Rounding the corner into the winter season, there are things all can look forward to: the crispness of freshly fallen snow, a mug of hot chocolate and celebrating holiday traditions. One unique tradition includes attending the university’s Christmas Festival, held each year in Mees Hall.
The Christmas Festival is a creative feat of masterful planning, with hours of “poetry, prose, and scripture, interspersed with choral music,” according to the 2022 program description. All five choirs and additional instrumentalists come together to form a non-stop expression of passion and music.
The event ties back to the founding of the Chapel Choir itself in 1928. Dr. Lynda Hasseler, director of Choral Activities, is overseeing her 33rd Christmas Festival at the university.
The goal of the immersive experience for attendees of the Christmas Festival is to “close the gap between the stage and the audience,” said Hasseler.
“When you walk into Mees Hall, every detail is planned,” said Kacey Burt, member of the Choral Union, Choral Assistant and Stage Manager of the Christmas Festival.
Burt is participating in her 25th Christmas Festival and her third as Stage Manager, having graduated from the Conservatory of Music in 2001. While she is an elementary music teacher with a family, Burt still finds time to attend rehearsals and prioritizes music within every part of her life.
“We kind of have a theme that we kind of encompass in our lives and who we are, this year being ‘I Will Make,’ so it’s thinking of all of the different opportunities out there to make: ‘I will make music,’ ‘I will make joy,’” said Burt.
This year’s theme is an actionable call for which Hasseler gathered inspiration from her own personal life. She strives to develop a theme reflective of the feeling that the Chapel Choir found on their trip to South Africa, where singing is a significant and meaningful part of the culture.
Looking back on their tour performances, she said that the energy was palpable; when audiences sang along, she said that “they [weren’t] just feeling joy, they [were] doing joy! Joy [was] a verb there. And that crystallized for me that everything was going to be an action theme, something to live.”
Themes from the past few years have included “Full of Wonder,” “Break Forth Into” and “Together We.”
One of Burt’s favorite themes was “With All Your Heart,” a year in which the campus community came together to follow their passions by saying, “With all my heart, I will…”
Cora Ams, junior music major and member of the Chapel Choir, said this year’s theme is bold.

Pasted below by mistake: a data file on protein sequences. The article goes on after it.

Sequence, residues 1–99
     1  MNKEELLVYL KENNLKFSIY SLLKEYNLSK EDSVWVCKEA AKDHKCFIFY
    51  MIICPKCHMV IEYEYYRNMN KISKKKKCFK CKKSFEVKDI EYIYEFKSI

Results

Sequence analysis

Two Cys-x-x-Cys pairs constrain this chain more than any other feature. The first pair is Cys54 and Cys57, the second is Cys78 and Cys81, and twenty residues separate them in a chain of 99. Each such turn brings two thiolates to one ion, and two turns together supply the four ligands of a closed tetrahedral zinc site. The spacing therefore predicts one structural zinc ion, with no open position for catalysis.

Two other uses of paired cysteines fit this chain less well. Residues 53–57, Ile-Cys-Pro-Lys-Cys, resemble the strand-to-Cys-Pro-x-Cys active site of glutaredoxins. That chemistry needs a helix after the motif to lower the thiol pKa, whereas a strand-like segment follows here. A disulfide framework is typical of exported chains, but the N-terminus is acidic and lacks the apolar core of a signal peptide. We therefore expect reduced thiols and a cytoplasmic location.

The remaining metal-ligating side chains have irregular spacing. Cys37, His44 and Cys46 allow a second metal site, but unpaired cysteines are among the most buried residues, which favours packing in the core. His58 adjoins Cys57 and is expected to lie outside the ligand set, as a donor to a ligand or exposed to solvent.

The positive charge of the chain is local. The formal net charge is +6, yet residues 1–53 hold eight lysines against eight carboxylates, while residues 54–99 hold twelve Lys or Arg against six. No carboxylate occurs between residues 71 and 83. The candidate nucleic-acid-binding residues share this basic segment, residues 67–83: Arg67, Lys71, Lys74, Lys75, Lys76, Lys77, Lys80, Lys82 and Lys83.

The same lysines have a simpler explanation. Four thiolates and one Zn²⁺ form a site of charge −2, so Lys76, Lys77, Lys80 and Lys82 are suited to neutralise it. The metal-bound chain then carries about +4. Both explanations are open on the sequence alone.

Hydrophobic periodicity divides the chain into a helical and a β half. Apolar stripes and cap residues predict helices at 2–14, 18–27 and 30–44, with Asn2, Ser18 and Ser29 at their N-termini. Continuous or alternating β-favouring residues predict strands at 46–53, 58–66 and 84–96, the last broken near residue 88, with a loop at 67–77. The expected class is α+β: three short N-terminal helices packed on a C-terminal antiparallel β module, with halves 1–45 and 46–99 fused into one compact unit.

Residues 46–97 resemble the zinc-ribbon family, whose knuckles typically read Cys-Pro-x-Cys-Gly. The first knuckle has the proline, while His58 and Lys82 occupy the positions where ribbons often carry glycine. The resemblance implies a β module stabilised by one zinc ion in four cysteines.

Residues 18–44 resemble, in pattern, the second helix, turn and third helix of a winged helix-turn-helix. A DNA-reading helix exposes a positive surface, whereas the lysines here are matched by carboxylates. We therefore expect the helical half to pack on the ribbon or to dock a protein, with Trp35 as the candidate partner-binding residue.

“It’s about recognizing the power you have in your life to do what you want… and what you’re capable of as a person,” said Ams.
Choir rehearsals begin right after Homecoming as all five of the university’s choirs are involved in this performance. The instrumental rehearsals gear up after BandFest and pieces of the concert come together in the week leading up to the performances.
Ams described the process of getting ready for Christmas Festival as “a marathon at a sprint pace,” with expectations of high quality work and preparedness for each rehearsal.
The preparation is rigorous, but the payoff is priceless. Students, faculty and alumni work tirelessly to execute each piece of music flawlessly. For Hasseler, all of the effort is rewarding in a number of ways.
As an artist, she has the “privilege of making music with such a willing, talented, beautiful group of people.”
As a producer, Hasseler loves “creating something that is meaningful to people that brings them joy.”
As a teacher, watching her students from their first year to their last taking “pride in taking on the leadership mentor role and how wide eyed the young ones are” is a wonderful experience.
Hasseler’s favorite pieces are the opening montage and the finale written by Andrew Lloyd Webber, but as far as the whole experience goes, there will be many surprises for the audience.
In the spirit of creativity, the choirs have been making friendship bracelets to trade at each performance, embodying the theme to its fullest. Audience members are encouraged to make friendship bracelets to trade amongst each other.
Tickets are on sale now for $35 for adults, $20 for seniors and free for university students. Profits made from ticket sales go back into the choral program to support the Conservatory of Music. Performances are held on Thursday, Nov. 30, Friday, Dec. 1 and Saturday, Dec. 2 at 7:30 p.m. and on Sunday, Dec. 3 at 3:30 p.m.